The Newsome Melton Law Firm in Orlando, Florida, keeps an evidence warehouse where it stores vehicles involved in litigation cases its lawyers are currently working on. Among the crumpled wrecks recently stored there are a number of vehicles involved in accidents where a “seatback collapse” has led to catastrophic injuries.
Attorney Rich Newsome’s tone is somber as he stands in the large, industrial-style warehouse and describes the typical seatback collapse scenario. “You’re stopped at a red light or a stop sign. Suddenly you’re rear-ended by another vehicle. Instead of walking away, like you should, your seatback breaks, falls backwards and causes you to have a serious spinal cord injury.
“Even worse,” Newsome says, the crash causes “your head to go backwards and hit a child sitting in back of you.
“Although that should never happen, shockingly it happens all the time,” he adds.
These are the kinds of car crash injuries that should never happen given the seat construction technology that is available. The National Highway Traffic Safety Administration (NHTSA) does have clear standards for seat safety, but manufacturers just barely clear the criteria for seat construction in lower-cost vehicles.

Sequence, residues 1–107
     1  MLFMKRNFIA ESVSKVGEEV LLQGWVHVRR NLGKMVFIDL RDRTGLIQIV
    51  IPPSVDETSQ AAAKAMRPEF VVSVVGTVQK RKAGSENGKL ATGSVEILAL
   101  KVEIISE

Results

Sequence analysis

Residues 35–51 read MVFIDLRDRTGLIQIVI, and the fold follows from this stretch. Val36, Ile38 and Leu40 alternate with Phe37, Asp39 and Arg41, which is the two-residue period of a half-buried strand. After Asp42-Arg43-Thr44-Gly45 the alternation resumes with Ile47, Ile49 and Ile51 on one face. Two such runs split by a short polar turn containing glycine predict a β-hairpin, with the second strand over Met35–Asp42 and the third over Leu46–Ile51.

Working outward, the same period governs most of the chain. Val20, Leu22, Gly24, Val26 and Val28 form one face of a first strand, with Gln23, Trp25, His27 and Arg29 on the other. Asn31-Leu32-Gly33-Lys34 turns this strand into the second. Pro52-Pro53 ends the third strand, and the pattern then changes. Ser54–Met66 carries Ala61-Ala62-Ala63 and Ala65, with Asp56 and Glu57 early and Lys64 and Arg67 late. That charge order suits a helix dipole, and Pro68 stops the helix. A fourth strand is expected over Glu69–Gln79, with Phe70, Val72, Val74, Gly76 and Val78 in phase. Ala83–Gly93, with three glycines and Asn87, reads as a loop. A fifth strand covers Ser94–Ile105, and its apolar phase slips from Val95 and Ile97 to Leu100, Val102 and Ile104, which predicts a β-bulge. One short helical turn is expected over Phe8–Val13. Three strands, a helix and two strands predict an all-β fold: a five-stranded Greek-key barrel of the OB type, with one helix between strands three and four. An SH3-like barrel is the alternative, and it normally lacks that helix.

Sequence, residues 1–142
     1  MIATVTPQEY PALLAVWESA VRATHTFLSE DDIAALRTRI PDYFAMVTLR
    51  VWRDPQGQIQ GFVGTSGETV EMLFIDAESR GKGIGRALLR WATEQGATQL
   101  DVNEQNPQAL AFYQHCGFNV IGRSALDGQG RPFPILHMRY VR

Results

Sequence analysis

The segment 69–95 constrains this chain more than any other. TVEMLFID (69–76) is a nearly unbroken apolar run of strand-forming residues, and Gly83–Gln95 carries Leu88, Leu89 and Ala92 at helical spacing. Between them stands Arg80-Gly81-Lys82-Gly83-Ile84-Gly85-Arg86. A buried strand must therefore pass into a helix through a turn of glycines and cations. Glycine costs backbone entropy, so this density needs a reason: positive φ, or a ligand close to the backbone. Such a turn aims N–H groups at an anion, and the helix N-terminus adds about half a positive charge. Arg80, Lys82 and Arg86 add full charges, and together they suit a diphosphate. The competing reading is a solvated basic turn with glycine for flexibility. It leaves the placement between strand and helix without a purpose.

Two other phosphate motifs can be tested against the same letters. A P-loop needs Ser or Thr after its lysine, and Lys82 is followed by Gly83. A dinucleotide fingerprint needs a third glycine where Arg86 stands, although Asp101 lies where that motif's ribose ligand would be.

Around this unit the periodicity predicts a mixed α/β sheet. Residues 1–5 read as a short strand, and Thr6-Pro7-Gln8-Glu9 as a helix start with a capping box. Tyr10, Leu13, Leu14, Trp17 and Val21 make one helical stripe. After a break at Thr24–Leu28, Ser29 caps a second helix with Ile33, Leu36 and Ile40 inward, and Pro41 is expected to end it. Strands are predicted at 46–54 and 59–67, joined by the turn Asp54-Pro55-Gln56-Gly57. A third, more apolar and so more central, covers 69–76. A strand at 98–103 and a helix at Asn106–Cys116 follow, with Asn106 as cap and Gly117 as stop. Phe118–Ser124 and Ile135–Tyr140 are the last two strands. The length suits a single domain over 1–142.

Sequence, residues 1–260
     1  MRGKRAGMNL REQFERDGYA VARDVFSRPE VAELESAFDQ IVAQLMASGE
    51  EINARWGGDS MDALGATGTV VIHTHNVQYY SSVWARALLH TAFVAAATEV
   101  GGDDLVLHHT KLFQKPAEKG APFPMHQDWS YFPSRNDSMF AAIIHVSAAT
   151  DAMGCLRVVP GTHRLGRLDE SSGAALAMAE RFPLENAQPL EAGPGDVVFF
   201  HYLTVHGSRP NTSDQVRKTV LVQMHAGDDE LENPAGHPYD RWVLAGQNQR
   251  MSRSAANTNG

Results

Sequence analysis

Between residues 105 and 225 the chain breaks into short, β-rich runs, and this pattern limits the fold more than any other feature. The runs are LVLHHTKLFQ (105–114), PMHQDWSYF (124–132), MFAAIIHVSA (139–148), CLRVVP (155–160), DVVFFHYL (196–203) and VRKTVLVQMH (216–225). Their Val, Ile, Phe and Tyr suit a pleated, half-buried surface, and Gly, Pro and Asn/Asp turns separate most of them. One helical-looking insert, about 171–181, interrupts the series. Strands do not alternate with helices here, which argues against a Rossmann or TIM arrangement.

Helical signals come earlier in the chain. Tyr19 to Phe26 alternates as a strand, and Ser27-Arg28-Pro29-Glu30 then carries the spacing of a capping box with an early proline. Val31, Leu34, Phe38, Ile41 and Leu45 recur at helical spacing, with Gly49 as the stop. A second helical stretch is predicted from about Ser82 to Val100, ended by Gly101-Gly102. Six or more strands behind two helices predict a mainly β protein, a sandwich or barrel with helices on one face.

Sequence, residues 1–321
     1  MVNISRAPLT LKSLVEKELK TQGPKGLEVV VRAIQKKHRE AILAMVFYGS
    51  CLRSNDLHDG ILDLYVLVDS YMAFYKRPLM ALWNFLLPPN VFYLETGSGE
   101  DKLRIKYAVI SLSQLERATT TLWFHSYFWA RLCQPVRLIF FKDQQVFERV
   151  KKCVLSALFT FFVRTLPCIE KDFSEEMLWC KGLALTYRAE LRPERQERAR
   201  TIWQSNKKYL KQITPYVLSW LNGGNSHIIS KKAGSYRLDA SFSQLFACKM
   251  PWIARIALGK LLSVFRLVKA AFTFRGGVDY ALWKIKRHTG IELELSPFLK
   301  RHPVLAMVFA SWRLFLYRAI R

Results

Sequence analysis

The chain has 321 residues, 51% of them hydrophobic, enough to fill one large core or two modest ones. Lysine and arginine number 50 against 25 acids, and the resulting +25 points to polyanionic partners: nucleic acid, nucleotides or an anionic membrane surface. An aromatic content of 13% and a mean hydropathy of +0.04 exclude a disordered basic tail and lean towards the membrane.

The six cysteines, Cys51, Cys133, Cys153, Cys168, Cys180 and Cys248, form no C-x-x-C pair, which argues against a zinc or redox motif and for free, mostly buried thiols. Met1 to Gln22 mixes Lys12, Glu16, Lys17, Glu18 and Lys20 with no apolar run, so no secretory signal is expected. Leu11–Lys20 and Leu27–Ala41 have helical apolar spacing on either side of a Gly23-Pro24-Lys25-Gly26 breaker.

Newsome’s firm describes the NHTSA requirements as “absurdly low-minimum standard.”
The Newsome Melton Law Firm has expertise in the area of personal injury litigation related to serious vehicle injuries including tire tread separation, exploding airbags, and recently has taken on new cases related to the continuing problems with collapsing seatbacks.
These types of seats are usually installed in lower-end types of vehicles. Take away the upholstery, and the seat frame is revealed to be little more than a “lawn chair-style” construction, says Newsome.
Even if the car is rear-ended by another vehicle at a speed of only 20 or 35 miles per hour, the result can cause death or life-changing injuries like permanent paralysis as the result of crushing spinal cord injuries or a serious head injury.
Studies dating back to the 1960s have repeatedly pointed out the problems with poorly constructed seats. Manufacturers are well aware of the issues, but crash safety tests and safe-seat construction cost money that manufacturers won’t spend. They want to keep costs down in order to attract buyers to their vehicles.
Some carmakers, like Mercedes-Benz, put robust, safety-first seats in its vehicles.
But many others do not. “So, whenever there is a rear-end crash, those seats bend or break, and they fail, when they are supposed to protect,” says Newsome.
Newsome Melton has a lot of experience representing clients in seatback collapse cases. He tells clients up front about the difficulties handling the litigation.
These cases take a long time, and they are expensive because of the kinds of expert testimony needed to develop the litigation. Lawyers need to gather evidence from crash reconstruction experts, bio-mechanical engineers, as well as historians that can speak to evolution of government regulations. Then there are life-change management experts that need to speak to the type of care and medical treatment an injured person might need throughout the rest of his or her life. It all takes many hours of attorney time to move these cases forward.
Rich Newsome and his firm have brought many of these cases to successful conclusions and have recovered large sums in damages for clients.